Traffic moves bumper to bumper along I-10 West as residents evacuate towards Texas before the arrival of Hurricane Ida in Vinton, Louisiana.
Adrees Latif | REUTERS
Hurricane Ida made landfall in Louisiana on Sunday as a Category 4 storm with winds of 150 miles per hour, one of the strongest storms to hit the region since Hurricane Katrina, the National Oceanic and Atmospheric Administration said.
Ida has since dropped to a Category 1 storm with maximum sustained winds of 95 miles per hour. In the last hour, the storm was about 45 miles northwest of New Orleans and roughly 30 miles east-southeast of Baton Rouge, Louisiana, the National Hurricane Center said.
Late Sunday, President Joe Biden approved a major disaster declaration for Louisiana, unlocking federal funding for recovery efforts.
While the storm is expected to weaken rapidly over the next day or so, the NHC said Ida is projected to remain a hurricane for several more hours. The NHC warned that a life-threatening storm surge is expected to continue overnight from Burns Point, Louisiana, to Ocean Springs, Mississippi, and could potentially topple local levees.
The NHC said winds will likely damage trees and trigger power outages as Ida continues to move inland over southeastern Louisiana. Heavy rainfall is expected through Monday across southeast Louisiana, coastal Mississippi as well as southwestern Alabama, and could trigger “considerable to life-threatening flash and urban flooding.”
As of early Monday, more than 1 million Louisiana utility customers are without power, according to PowerOutage.us. On Sunday evening, New Orleans said the entire city lost power after “catastrophic transmission damage.”
Ida made landfall on the anniversary of Katrina, the dangerous Category 3 storm that devastated Louisiana and Mississippi 16 years ago, killing more than 1,800 people and causing $125 billion in damage.
The strength and path of Ida will be a significant test of New Orleans’ post-Katrina flood defenses, including levees, flood walls and gates that were built to provide storm protection. Katrina had caused levee breaches and catastrophic flooding in New Orleans.
Ida has also triggered concerns about the city’s hospitals, which are already overwhelmed with Covid-19 patients and have little room for evacuated patients. In Galliano, Louisiana, the struggle to care for patients as the storm roared ashore was exacerbated after a part of the roof of Lady of the Sea General Hospital blew off.
Ida intensified so quickly that officials didn’t have time to order mandatory evacuations. New Orleans Mayor LaToya Cantrell ordered a mandatory evacuation for a small area of the city outside the levee system, but said there wasn’t time to issue one for the whole city.
Shelters in Louisiana will run at reduced capacities due the pandemic, though state officials are working to secure hotel rooms for evacuees.
All Sunday flights were also canceled due to the approaching storm, the New Orleans Airport said Saturday.
Water enters a beach house as Hurricane Ida makes landfall in Grand Isle, Louisiana, U.S. August 29, 2021 in this still image taken from social media video. Christie Angelette via REUTERS THIS IMAGE HAS BEEN SUPPLIED BY A THIRD PARTY. MANDATORY CREDIT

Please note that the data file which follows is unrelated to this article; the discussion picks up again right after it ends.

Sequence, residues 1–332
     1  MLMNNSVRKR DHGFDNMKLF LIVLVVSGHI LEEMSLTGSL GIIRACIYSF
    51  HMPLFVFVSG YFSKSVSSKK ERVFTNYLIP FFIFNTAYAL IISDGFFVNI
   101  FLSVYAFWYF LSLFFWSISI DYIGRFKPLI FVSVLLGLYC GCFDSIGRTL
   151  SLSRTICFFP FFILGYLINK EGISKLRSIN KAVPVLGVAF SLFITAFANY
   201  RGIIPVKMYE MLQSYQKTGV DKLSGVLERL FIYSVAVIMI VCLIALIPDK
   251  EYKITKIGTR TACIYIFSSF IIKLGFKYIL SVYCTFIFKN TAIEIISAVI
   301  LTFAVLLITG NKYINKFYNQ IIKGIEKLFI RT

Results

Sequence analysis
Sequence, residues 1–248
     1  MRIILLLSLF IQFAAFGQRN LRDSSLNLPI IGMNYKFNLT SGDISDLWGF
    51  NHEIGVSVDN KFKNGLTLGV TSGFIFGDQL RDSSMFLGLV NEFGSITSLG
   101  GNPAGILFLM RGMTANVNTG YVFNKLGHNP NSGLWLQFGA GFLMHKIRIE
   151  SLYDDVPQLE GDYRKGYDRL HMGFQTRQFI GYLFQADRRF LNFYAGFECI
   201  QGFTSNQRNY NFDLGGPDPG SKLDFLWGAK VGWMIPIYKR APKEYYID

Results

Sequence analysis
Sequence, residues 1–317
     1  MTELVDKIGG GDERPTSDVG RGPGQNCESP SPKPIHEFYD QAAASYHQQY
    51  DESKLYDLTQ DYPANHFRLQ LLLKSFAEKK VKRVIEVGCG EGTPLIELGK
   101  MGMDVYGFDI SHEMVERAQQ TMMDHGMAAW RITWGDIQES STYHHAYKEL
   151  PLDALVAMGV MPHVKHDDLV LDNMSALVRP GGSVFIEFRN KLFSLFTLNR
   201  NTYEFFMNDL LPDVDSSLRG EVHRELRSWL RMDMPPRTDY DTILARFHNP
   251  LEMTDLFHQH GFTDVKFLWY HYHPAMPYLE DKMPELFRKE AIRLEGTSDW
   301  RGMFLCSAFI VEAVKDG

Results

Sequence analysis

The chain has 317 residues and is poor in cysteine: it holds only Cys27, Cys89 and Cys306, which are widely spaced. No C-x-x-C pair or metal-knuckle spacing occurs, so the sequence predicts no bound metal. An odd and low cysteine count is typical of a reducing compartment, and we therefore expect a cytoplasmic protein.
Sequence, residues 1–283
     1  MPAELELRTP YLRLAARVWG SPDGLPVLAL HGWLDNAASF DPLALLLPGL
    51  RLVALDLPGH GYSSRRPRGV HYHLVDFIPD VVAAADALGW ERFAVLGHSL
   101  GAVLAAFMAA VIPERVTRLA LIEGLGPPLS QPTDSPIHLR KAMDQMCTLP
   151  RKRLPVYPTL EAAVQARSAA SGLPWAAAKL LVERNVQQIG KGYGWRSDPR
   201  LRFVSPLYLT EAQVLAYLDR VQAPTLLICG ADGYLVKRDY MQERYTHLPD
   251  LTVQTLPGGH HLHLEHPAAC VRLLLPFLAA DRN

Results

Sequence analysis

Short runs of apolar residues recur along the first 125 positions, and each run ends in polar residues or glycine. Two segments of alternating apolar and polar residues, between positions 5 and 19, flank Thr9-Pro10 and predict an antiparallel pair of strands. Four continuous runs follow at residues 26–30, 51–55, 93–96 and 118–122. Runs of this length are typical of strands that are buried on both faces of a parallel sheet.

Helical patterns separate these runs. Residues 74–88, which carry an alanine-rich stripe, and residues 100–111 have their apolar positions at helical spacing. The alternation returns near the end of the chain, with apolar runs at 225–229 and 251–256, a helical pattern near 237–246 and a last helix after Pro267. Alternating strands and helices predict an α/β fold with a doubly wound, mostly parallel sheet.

Christie Angelette | Christie Angelette via REUTERS
President Joe Biden has declared a state of emergency for Louisiana and Mississippi, a move that authorizes the Department of Homeland Security and Federal Emergency Management Agency (FEMA) to coordinate all disaster relief efforts.
“The storm is a life-threatening storm,” the president said during a briefing at the FEMA headquarters on Sunday. “Its devastation is likely to be immense. Everyone should listen to the instructions from local and state officials.”
Louisiana Gov. John Bel Edwards on Sunday afternoon requested a presidential major disaster declaration from Biden after the storm slammed into the state’s coast.
“Hurricane Ida is one of the strongest storms to ever hit Louisiana,” Edwards said in a statement. “It is our goal to assist our local agencies and the citizens of the state as quickly as possible, and we have pre-positioned search and rescue teams, boats and other assets to begin helping people as soon as it is safe.”
A resident takes home sandbags from a city run sandbag distribution location at the Dryades YMCA along Oretha Castle Haley Blvd., Friday, Aug. 27, 2021, in New Orleans, as residents prepare for Hurricane Ida.
Max Becherer | The Times-Picayune | The New Orleans Advocate via AP
Damaging winds will spread into southwestern Mississippi on Sunday night and early Monday, likely causing widespread tree damage and power outages, and heavy rainfall and is expected across the central Gulf Coast, the Hurricane Center said.
As the storm moves inland, significant flooding is forecast across portions of the Lower Mississippi, Tennessee Valley, Upper Ohio Valley, Central Appalachians and the Mid-Atlantic through Wednesday, according to the Hurricane Center.
Ida is the first major storm to hit the Gulf Coast during the 2021 Atlantic hurricane season. The Atlantic hurricane season of 2020 was the most active on record, with 30 named storms, 13 of which were hurricanes.
Scientists warn of increasingly dangerous hurricane seasons as climate change fuels more frequent and catastrophic storms. NOAA expects the 2021 season to see between 15 and 21 named storms, including seven to 10 hurricanes.
This story is developing. Please check back for updates.
— CNBC’s Christine Wang contributed to this report.